The quantitative analyses points out that both cultural and legislative proposition have significant impacts on deaths by guns. While the cultural explanation seems to be related to an increase in deaths by gun, the legislative perspective is associated with a decrease in deaths by gun and mass shootings. These results show that a reduced firepower capacity- fewer firearms and therefore a lesser capacity to fire – is clearly associated with fewer victims. This result is true no matter what type of weapon is used by the shooters. In other words, the limitation of ammunition capacity saves lives more than targeting specific models of weapons. In the case of the semi-automatic assault rifle, the limitation of ammunition defeats the purpose of these weapons as a direct consequence. Another finding shows that a majority of shooters (56%) clearly had known mental illness and at lower percentage had domestic violence history or were involved in an intense divorce/custody battle. This result points out critical elements of stability to be assessed during background check procedures.  In addition to criminal records, relevant mental health information and known background information by law enforcement should be included into the verification process to limit the access of firearms to at risk individuals based on these cumulative factors. Nevertheless, legislators should keep in mind that these numbers prove that more restrictive gun regulations will save lives above and beyond the issue of spontaneous mass shootings and can counterbalance the deadly effects of a violent gun culture.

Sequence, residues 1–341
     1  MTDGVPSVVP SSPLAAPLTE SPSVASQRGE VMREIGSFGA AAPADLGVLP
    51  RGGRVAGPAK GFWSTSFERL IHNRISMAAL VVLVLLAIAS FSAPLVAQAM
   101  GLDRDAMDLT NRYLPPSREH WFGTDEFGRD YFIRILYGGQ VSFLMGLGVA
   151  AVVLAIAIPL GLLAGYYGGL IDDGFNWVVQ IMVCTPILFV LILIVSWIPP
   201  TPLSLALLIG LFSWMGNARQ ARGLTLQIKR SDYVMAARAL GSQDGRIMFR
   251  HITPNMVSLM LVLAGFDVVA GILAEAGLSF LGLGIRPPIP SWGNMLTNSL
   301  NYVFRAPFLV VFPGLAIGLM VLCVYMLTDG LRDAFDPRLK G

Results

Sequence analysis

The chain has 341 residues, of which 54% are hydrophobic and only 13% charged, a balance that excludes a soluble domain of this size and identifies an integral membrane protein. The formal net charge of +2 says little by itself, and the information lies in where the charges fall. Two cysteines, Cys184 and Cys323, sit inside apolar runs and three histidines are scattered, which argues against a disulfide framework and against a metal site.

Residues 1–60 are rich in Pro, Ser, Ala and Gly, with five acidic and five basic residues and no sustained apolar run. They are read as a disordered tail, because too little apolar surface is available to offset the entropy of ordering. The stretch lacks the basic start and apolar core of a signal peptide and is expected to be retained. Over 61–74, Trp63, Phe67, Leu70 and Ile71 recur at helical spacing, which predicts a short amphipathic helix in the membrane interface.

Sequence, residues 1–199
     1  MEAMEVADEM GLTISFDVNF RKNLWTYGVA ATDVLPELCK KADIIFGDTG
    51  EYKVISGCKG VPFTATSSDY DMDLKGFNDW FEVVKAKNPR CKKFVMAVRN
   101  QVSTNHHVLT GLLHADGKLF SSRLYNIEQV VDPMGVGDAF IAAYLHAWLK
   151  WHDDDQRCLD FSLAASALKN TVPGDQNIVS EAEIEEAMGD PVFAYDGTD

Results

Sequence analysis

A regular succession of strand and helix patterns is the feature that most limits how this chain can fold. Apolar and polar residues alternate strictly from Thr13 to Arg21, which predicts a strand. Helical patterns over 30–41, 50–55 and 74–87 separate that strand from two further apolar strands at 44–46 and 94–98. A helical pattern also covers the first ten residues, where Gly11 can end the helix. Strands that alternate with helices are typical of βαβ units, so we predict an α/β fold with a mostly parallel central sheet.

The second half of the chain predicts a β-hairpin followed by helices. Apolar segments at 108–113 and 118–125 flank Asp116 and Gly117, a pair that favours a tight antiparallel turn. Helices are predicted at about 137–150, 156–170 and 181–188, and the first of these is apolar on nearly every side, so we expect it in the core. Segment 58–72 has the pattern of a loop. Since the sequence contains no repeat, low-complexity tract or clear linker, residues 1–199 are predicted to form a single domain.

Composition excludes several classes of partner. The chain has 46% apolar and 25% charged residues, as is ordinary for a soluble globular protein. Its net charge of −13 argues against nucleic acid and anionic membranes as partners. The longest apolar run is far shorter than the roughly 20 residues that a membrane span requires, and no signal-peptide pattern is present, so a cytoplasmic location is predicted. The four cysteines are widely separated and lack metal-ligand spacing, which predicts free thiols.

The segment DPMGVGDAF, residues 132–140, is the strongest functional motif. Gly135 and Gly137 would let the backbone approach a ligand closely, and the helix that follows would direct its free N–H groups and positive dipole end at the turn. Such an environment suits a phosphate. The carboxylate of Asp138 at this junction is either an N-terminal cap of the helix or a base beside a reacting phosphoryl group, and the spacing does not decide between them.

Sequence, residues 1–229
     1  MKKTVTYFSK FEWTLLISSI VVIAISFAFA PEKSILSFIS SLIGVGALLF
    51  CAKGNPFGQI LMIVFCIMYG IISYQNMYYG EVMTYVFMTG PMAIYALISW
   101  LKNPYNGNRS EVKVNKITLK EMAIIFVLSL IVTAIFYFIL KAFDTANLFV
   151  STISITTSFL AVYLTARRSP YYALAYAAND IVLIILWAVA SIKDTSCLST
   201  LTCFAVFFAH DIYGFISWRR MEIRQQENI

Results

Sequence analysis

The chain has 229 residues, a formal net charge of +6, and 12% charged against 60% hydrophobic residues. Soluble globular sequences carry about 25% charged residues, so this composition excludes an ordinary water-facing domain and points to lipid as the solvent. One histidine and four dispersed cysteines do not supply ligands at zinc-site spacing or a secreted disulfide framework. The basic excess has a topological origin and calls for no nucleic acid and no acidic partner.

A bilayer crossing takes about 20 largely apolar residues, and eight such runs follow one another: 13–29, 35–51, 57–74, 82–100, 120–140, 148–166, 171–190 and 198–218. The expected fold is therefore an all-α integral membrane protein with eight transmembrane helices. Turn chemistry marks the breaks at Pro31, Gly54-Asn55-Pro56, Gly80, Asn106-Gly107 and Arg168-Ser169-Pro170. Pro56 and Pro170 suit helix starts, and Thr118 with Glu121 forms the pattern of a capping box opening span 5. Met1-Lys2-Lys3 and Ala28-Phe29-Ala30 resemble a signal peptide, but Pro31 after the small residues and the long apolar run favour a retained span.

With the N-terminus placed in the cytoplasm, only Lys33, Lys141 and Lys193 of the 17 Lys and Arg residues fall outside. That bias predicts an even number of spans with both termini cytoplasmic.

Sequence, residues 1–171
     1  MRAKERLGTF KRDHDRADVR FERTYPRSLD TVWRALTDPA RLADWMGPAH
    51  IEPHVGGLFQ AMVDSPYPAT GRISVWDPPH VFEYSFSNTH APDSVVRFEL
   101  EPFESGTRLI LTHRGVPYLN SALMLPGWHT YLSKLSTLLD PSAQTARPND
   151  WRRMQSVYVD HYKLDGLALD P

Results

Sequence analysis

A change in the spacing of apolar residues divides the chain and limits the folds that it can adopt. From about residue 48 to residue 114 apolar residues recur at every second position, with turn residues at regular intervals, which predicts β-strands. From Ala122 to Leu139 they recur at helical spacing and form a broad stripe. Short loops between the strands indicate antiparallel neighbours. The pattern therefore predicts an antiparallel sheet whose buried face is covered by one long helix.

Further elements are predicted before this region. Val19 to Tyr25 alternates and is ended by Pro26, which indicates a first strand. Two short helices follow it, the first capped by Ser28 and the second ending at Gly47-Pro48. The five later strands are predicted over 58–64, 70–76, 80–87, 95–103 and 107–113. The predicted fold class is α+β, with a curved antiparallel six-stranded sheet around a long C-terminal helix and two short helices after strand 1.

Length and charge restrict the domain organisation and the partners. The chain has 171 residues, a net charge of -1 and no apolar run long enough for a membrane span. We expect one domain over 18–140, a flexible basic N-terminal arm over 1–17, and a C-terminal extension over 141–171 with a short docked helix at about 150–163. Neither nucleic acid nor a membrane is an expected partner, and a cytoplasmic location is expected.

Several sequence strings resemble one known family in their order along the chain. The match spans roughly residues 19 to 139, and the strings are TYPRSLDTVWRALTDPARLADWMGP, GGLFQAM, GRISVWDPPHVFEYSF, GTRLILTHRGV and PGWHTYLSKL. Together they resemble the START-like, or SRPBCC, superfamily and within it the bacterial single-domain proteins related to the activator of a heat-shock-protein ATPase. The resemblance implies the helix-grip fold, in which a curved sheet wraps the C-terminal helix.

Frozen Funding on Firearm Research: “Doing Nothing Is No Longer an Acceptable Solution”
Marian E. Betz
, MD, MPH, Megan L. Ranney, MD, MPH, and Garen J. Wintemute, MD, MPH
Western Journal of Emergency Medicine (2016)
Key conclusion: We need research to know what works to prevent firearm injury, when, with whom, and how. We must not lose sight of the larger goal of increasing federal support for firearm violence research, but we also must not lose time waiting for the money to appear before we take action. Our patients and our communities deserve safety.